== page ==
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FBI Probes Crash That Killed 2 Mexicans

Activities of Mexican consular officials add another dimension to the investigation.

January 16, 2003|H.G. Reza | Times Staff Writer

It began as a sensational story Wednesday morning, then turned downright strange. U.S. Border Patrol officials described six shady characters they said showed up at the scene of a crash near the border last week, perhaps trying to spirit away a smuggler whose reckless driving had just killed two Mexican immigrants.

The agency said it had received information that led it to believe that several Mexican consular representatives had "misidentified themselves" as U.S. immigration officials. They arrived at a hospital where many of the 13 injured were taken. The six then purportedly tried to gain the release of at least one of the alleged smugglers' accomplices, said Border Patrol spokesman Raleigh Leonard.

The FBI was quickly called in. And by Wednesday afternoon, radio host and former San Diego Mayor Roger Hedgecock was on the air, hammering Mexican consular officials. His Web site accuses them of posing as U.S. Immigration and Naturalization Service agents and allegedly "interfering in a murder investigation."

There was one hitch: Officials at the consulate said the men in suits at the crash scene were representing the Mexican government and that they did nothing to interfere with U.S. officials. They wore IDs issued by the INS, the Border Patrol's parent agency, said the spokesman for the consulate in San Diego, Carlos Lozano, who was clearly angered by the allegations.

The Border Parol late Wednesday declined to confirm or deny that the outsiders at the crash scene were, indeed, Mexican consular operatives looking after the well-being of their countrymen.

The crash occurred last Thursday on Interstate 8 east of San Diego at the end of a protracted chase in which a pickup truck driver twice nearly hit U.S. agents while speeding around spike strips laid in the roadway, the INS said.

One spike strip finally punctured one of the truck's tires, but the driver continued on at 80 mph until he swerved into a guardrail and crashed, sending people riding in the truck's bed tumbling down an embankment.

Carlos Moreno, identified by prosecutors as the driver, was charged with two counts of murder, two counts of assault with a deadly weapon and single counts of child endangerment and witness intimidation. He pleaded not guilty in San Diego County Superior Court Tuesday.

A second smuggling suspect is in custody awaiting charges, said a spokeswoman for the district attorney's office. That suspect has not been identified.

Border Patrol agents and Highway Patrol officers said they noticed several Spanish-speaking individuals, wearing suits, who hung around the site long after the late-afternoon crash.

But the American investigators said they were too busy treating victims and investigating the scene to be concerned with the interlopers.

Authorities declined to identify the source but insisted they had received information that Mexican consular employees had falsely claimed they worked for the INS.

They said the "phony" INS agents could have been members of a ring trying to spirit the immigrant smugglers away from U.S. law enforcement officials at Sharp Grossmont Hospital in La Mesa, where the victims were taken. The Mexican officials purportedly tried to free at least one man who allegedly abetted the smugglers.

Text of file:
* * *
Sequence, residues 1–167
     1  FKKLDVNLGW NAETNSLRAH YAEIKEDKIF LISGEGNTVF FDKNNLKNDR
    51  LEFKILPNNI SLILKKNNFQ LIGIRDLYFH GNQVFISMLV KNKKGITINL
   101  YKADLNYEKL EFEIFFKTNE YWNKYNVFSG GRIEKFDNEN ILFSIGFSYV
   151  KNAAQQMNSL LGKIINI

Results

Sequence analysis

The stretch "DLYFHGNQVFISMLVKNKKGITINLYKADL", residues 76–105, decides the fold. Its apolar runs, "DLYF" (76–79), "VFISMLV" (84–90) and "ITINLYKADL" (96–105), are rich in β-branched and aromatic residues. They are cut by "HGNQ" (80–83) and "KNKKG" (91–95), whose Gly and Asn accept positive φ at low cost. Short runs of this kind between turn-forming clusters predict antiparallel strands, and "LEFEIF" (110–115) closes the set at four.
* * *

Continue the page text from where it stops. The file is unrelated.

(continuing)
Border Patrol spokesman Leonard confirmed that the investigation had been handed over to the FBI.

Agent Jan Caldwell, FBI spokeswoman in San Diego, said the bureau would investigate and turn over its findings to the U.S. attorney's office.

But later Wednesday, an angry Lozano said the six men who showed up at the crash site actually were consular officials who rushed to the scene and to Grossmont Hospital to assist the victims.

"I don't know what there is to investigate," Lozano said. "We've informed both the FBI and the Border Patrol that we were at the scene and at the hospital. We were meeting our responsibility to Mexican citizens, who are victims of an unpleasant situation like this."

He said the consulate's concerns were only with helping the victims and not freeing the two smuggling suspects arrested by authorities. The consular officials used identification cards issued to them by the INS, he said.

Lozano denied that consular officials had in any way interfered with the Border Patrol.

"Our people never represented themselves as INS agents or employees of the INS. We were acting in the capacity allowed us as consular employees," he said. "As for the two people arrested by the Border Patrol, they should be prosecuted if in fact they are the smugglers."

If anything, Lozano said, the Border Patrol should be questioned about its decision to pursue the overloaded vehicle at high speed and then to throw the spike strips that he said helped bring the pickup to its fatal stop.

The Border Patrol announced last week that it would investigate whether the chase was proper. A spokesman said it appeared the driver had become such a threat to public safety that he had to be stopped.

Hedgecock announced on the air Wednesday that the Mexican government should be held accountable for the alleged misrepresentations by consular officials. The former mayor's Web site also launched a scathing attack on the consulate and listed a series of officials in both U.S. and Mexican agencies it said should be held accountable.

The Web site for the "radio mayor of California" calls them "agents of a foreign government interfering in a murder investigation, a human smuggling investigation ... on our side of the border. Next we'll [have] folks from the Iraqi consulate wearing INS badges. Yeeeech!"

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